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How do I know if my stone is good for baking cookies?

Stones were invented for pizzas, not for cookies. It must have been some serendipitous discovery that it even works for something with such a high butter content. As long as I have been baking cookies I have baked on a stone. I like it because the cookies bake so evenly, because the back of each cookie looks as good as the front, and I don't have some cookies getting too done while others on the same stone are too soft.

Almost everybody has at least one stone. Made popular by those kitchen shows you host right in your own home, I have found that almost every kitchen has at least one stone for pizza if not for baking. Being a bargain hunter, I have to plead guilty to buying several substandard stones (which I didn't learn were NOT such a bargain after baking on them). You can pick up a stone at Walmart, Kohl's, Williams Sonoma, Kitchen Collection, and Amazon. Having been invented for pizza, the thick crust is there to prevent anything from dripping through the stone so it really wouldn't matter if the stone is porous or not. But, when you put cookie dough on a stone, porousness matters. Cookie dough that begins with a pound of butter will bake beautifully and evenly on a stone when heated to 325 degrees. However, if you place your cookies on a porous stone that was intended to come into contact with pizza crust, you stand the chance of the butter dripping through, puddling up in the bottom of your oven, setting off your fire alarms, bringing firemen and firetrucks to the house and neighbors standing in the street. (Or so I've heard).

Recently, I embarked on a quest to find the best baking surface for cookies. I knew it would need to be a stone and it couldn't be porous. So, I googled up every stone on the internet I could find that was made in America and ordered one of each. All those stones arrived and I commenced using the scientific method to bake on each one until I could find the PERFECT stone surface for baking.

It is crazy that they all look alike! Some have handles, some are round, some are rectangle, some are square but the shape and size are the only things that appear to make a difference.....Then you bake on them.

If you lift the cookies off your stone and a little bit of cookie remains stuck to the stone, you have a substandard stone. That cookie tried to drip down into the pores of the backing surface but was unsuccessful.

If you lift the cookies off the stone and you can see the shape of the cookies you just baked, that butter dripped down into the pores in the shape of the Grinch and it stayed in that stone. Expect for that stone to eventually smell like rancid oil, especially when it gets hot.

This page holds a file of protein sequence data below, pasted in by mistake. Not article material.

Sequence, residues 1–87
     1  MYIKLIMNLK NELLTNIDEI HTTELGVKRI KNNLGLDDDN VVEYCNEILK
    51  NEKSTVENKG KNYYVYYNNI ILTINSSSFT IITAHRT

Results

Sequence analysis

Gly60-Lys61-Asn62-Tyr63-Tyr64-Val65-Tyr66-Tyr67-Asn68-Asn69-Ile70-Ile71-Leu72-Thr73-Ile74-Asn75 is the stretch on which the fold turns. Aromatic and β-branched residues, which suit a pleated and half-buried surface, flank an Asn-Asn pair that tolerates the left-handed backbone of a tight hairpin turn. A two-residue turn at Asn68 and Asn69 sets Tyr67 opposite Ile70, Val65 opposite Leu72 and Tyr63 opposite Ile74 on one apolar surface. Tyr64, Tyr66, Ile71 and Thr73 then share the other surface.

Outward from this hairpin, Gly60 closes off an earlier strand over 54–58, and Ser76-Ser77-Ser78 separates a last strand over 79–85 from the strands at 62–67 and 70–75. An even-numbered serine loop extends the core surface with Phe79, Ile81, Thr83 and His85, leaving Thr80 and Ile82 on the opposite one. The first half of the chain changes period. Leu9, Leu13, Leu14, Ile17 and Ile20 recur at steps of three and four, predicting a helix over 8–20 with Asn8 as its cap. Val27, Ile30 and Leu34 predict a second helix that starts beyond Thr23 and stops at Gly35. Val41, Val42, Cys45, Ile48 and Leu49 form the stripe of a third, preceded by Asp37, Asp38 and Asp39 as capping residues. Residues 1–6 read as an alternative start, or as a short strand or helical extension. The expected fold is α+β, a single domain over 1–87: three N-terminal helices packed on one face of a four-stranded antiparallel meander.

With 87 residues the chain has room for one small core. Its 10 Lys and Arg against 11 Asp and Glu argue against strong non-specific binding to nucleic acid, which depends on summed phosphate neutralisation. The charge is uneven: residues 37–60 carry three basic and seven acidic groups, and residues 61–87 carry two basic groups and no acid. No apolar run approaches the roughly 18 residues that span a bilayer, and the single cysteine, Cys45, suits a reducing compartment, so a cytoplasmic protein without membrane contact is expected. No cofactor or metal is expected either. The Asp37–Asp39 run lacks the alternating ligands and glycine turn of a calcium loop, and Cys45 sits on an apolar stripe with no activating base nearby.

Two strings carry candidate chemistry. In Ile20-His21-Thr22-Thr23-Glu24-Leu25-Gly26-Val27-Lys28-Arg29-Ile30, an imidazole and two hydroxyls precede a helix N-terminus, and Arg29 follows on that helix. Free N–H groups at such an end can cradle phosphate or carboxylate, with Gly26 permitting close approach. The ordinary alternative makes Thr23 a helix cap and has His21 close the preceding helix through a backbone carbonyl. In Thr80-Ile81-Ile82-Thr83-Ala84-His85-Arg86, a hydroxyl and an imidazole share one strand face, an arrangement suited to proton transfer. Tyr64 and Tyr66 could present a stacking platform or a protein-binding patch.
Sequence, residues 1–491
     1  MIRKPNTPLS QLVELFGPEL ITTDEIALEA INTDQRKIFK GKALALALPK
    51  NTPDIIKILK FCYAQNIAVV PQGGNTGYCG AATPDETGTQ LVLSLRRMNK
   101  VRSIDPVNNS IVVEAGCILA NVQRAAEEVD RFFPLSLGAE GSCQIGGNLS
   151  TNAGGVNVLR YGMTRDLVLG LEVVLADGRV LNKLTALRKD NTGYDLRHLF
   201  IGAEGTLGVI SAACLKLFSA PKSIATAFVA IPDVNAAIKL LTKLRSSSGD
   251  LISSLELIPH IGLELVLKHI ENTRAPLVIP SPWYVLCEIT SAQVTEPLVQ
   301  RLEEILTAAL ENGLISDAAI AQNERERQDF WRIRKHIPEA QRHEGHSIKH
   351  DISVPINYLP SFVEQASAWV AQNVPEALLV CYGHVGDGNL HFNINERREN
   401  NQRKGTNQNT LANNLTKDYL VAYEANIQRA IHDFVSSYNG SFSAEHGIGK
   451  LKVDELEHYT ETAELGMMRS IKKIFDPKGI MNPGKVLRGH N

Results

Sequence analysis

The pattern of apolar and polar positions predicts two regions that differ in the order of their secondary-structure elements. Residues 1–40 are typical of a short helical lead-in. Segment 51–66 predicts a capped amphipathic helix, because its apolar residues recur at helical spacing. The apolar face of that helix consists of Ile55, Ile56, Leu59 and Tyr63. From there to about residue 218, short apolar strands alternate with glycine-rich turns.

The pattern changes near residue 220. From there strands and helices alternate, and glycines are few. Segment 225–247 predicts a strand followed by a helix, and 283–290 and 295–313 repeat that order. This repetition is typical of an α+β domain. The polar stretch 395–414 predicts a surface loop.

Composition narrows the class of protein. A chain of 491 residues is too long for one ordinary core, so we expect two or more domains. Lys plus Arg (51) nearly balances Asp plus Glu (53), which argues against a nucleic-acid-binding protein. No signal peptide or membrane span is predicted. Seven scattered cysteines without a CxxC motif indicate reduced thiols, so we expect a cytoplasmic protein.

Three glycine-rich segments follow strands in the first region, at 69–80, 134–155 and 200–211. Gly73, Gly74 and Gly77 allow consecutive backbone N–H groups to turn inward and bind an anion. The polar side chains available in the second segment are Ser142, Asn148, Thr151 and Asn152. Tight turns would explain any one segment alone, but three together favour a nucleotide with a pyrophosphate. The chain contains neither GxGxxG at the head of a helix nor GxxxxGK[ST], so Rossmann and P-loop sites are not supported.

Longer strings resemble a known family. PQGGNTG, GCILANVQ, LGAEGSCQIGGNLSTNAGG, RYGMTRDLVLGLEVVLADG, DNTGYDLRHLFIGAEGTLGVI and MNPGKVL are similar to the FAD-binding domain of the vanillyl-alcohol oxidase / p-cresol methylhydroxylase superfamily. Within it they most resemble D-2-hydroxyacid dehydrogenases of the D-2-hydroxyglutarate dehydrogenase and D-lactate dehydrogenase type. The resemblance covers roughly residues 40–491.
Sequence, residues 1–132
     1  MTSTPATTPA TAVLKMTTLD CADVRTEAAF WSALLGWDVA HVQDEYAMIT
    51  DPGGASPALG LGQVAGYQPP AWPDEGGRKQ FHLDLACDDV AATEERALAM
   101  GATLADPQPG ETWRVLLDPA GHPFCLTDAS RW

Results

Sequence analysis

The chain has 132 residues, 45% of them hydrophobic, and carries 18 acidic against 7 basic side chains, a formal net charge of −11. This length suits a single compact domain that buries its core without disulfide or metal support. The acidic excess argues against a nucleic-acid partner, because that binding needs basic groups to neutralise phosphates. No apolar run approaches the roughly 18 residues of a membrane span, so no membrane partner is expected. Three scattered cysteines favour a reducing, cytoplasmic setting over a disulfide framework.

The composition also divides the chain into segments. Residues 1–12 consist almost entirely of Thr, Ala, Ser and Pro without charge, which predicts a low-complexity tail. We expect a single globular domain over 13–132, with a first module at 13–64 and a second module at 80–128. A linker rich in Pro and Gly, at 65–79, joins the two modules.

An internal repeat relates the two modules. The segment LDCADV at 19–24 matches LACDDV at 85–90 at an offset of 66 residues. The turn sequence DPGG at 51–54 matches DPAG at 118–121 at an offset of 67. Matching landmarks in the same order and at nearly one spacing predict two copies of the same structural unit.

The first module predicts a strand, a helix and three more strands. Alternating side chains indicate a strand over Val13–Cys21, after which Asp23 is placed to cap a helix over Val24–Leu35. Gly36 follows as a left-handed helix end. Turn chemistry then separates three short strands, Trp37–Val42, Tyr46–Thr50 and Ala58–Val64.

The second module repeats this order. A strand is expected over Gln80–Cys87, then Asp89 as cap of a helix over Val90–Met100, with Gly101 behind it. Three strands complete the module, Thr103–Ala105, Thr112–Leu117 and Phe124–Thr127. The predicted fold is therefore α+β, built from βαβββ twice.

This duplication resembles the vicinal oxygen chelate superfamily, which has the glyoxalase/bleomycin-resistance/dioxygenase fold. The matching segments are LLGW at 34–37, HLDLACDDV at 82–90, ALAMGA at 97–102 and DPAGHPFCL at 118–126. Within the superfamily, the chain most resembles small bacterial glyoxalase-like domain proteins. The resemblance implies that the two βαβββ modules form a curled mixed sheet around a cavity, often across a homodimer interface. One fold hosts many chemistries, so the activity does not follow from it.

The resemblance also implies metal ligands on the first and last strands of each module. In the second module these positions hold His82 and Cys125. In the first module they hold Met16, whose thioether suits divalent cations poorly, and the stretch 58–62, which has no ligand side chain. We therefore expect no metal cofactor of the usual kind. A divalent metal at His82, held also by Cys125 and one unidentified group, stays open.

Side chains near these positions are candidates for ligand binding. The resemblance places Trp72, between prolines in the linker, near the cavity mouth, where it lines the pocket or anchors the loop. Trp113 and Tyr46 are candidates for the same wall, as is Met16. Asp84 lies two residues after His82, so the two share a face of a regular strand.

If you immerse the stone in the sink because you want to clean it off, if the stone wicks up water, and mixes with that butter that is still inside the stone, when it gets dry, it is going to start growing a whole new science fair project on it. YUCK! (I keep this stone only to show my students what NOT to buy. No cookies have been baked on it since the mold started growing.)

So what does a good stone look like? How will you know if the stone you have is a good surface for baking cookies? Test it out. You don't typically get firetrucks until you have baked several rounds of cookies on it. This is my new favorite stone. It is 13" round. Yes, you can also bake pizza on it but I am personally a segregationist so I like to keep garlic and sugar apart. It is not porous so all of that butter stays in the cookie. I have baked at least 25 rounds of cookies on this stone and you see it looks the same as when I took it out of the box. When I get a brand new stone, I rub it with a butter wrapper the first time, then after that, I never season it anymore. The cookies do that for me. This stone will eventually turn a little darker but not a whole lot because we are not baking on a really high temperature. To clean, rinse with water and dry.This stone is made by American Bakeware ( The 13" is a real bargain compared to the home show. In fact, I can get almost two stones for the price of one rectangle. I have these available if you are local. If not, you can order online.

As always, if you like baking on metal, they are your cookies; do what you like. But if you are looking to up your cookie game, try baking on a great quality stone.


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